This isn’t the first time I’ve raved about Roy del Ruth’s Warners work prior to the emergence of the Hays Office, but it needs to be restated: few directors had as sure a hand with fast-paced, cynical comedy as Del Ruth. And, when teamed with the equally forgotten (and equally inspired) comedian Lee Tracy, what results is one of the best comedies of the 30s, as funny and audacious today as then. Tracy (who came West to Hollywood after originating the Hildy Johnson role in THE FRONT PAGE on Broadway) was the wisecrack-slinger all others are measured against; here he’s so good, so inspired at mixing verbal and physical comedy, you’ll be wondering how it’s possible his career didn’t soar for 25 years. (Besides his heavy drinking, which couldn’t have helped him, he earned the wrath of Louis B Mayer during the shooting of VIVA VILLA by urinating on the Mexican army from his hotel balcony, effectively ending his career as a leading man. Or so the legend has it.) This is probably his best film, playing a Winchell-like columnist named Alvin Roberts, and Tracy plays him with such cheerful unscrupulousness you might almost forgot what a rat the real Winchell was. But this is pre-Code Warners, where even an unprincipled cur could be a hero so long as he scraped bottom with zest and pluck; don’t be surprised at the many one-liners and situations that would become taboo in three years time: abortions, adultery, homosexuality and ethnicity are all fair game for BLESSED EVENT’s satirical arrows, and only an insufferable prude would stifle his laughter. Not until Preston Sturges played chicken with the Hays Office in the early 40s would such darkly funny farce be allowed on the screen again. Keep an eye out for this one and prepare to become a Lee Tracy fan for life. As usual, Del Ruth’s direction is dead on the money, while never calling attention to itself.
A brash tabloid columnist turns his BLESSED EVENT style of gossip mongering into a sensation, but creates many enemies along the way.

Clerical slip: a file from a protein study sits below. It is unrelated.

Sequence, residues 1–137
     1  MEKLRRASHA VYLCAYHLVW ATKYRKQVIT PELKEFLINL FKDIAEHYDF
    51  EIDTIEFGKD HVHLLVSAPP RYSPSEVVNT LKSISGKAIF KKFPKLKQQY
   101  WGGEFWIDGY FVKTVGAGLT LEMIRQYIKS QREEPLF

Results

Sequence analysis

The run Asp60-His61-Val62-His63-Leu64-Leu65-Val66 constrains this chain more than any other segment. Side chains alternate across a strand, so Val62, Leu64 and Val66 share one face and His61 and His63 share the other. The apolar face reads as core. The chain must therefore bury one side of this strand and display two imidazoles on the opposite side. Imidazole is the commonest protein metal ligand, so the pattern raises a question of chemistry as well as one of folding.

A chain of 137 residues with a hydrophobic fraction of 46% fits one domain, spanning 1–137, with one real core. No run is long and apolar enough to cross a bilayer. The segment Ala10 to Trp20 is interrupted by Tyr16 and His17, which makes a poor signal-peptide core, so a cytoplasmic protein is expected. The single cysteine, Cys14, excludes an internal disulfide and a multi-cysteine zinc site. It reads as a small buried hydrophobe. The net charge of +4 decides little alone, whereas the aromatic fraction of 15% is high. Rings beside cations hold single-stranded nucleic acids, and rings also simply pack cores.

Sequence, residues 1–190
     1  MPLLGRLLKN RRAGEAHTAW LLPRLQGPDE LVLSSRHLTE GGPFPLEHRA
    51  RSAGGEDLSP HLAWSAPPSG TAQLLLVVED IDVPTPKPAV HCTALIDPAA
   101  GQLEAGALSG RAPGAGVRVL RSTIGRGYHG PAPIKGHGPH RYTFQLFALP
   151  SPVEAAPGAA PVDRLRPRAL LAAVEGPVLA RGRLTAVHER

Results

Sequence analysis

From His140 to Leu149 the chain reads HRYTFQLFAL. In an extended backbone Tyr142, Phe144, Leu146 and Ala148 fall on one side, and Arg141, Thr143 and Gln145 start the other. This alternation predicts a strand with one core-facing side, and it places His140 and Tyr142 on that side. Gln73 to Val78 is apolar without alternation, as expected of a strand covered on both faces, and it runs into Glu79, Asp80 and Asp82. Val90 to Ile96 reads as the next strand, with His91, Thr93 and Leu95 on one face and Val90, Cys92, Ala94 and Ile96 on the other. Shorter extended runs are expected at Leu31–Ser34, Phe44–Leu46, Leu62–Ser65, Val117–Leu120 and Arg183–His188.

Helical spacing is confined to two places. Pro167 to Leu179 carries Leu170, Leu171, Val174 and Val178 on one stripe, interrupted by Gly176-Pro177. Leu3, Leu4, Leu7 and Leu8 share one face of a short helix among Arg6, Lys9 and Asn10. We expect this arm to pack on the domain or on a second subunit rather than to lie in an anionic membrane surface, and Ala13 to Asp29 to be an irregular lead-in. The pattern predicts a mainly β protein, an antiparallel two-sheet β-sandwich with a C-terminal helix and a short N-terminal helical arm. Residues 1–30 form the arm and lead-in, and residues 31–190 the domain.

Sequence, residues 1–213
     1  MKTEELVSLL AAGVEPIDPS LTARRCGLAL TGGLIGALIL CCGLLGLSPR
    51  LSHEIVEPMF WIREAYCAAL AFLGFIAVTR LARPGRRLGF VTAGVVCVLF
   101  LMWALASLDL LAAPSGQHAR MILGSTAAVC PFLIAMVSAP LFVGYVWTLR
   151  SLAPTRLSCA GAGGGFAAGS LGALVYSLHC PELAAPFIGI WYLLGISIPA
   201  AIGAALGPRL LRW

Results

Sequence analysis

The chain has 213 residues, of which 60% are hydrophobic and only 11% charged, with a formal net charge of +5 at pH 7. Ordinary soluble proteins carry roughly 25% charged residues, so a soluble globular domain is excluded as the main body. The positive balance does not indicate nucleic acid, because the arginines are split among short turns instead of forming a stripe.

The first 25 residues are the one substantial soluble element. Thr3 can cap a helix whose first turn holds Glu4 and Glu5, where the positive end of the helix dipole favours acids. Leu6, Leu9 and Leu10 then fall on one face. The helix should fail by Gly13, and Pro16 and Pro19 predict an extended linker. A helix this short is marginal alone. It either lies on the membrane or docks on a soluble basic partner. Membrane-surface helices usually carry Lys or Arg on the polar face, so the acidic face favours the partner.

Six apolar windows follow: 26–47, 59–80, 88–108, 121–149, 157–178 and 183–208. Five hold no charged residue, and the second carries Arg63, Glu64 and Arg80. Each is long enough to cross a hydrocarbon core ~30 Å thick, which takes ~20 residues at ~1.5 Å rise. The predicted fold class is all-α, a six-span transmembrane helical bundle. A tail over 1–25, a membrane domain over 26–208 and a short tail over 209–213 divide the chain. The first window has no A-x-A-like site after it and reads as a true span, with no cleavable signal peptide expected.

This is the film that made Lee Tracy an authentic movie star – the role and the actor were perfect for each other. For the next couple of years Tracy would specialize in fast talking shyster lawyers, agents, reporters & flimflam men. In the process, he became one of the most enjoyable performers of the era, always fresh & entertaining. However, after misbehaving in Mexico while under contract to MGM, he would be banished to the Poverty Row studios to continue acting in minor films. Today, regrettably, he is almost forgotten.
But in pre-Code BLESSED EVENT Tracy is at the top of his form: exasperating, maddeningly irritating & wonderfully funny. Warner Brothers gives him an excellent supporting cast to bounce off of – acerbic Ned Sparks as a disgruntled tabloid reporter; peppy Frank McHugh as an overeager publicity agent; porcine Edwin Maxwell as a nasty gangster; and Allen Jenkins as a softhearted criminal (his electric chair’ scene with Tracy is a classic).
Boyish Dick Powell, in his film debut, seems an odd choice to play Tracy’s nemesis, but there’s no doubt about his charm & fine singing style, both of which would soon make him a major movie star.
Mary Brian is lovely as Tracy’s girlfriend & Emma Dunn is sweet as his mother, but each tends to be a bit smothered by Tracy’s oversized personality. His true co-star is tart-tongued Ruth Donnelly as his secretary. No slacker in slinging the dialogue around, she’s able to match Tracy line for line.
Movie mavens will recognize Charles Lane as a reporter; Isabel Jewell, terrific as a much-abused showgirl; and hilarious Herman Bing as a chef – all of them uncredited.
Fast paced and very clever Lee Tracy vehicle playing a Walter W. type gossip columnist with a grudge against "crooners"generally and one in particular played by Dick Powell. Definitely precode with dialogue and subject matter that would have been totally rejected just a few years later. One scene culminates in a phrase spoken by Tracy’s"mother" containg a word that rocked the film world at the end of Gone With the Wind. Among other wonderful sequences watch for Tracy’s evocation of a trip to the "hot seat", and Dick Powell’s rendition of a singing commercial extolling the qualities of"Shapiro’s Shoes". With Shapiro himeself beaming at his side. Do catch this film also a similar effort also with Tracey "The Half Naked Truth".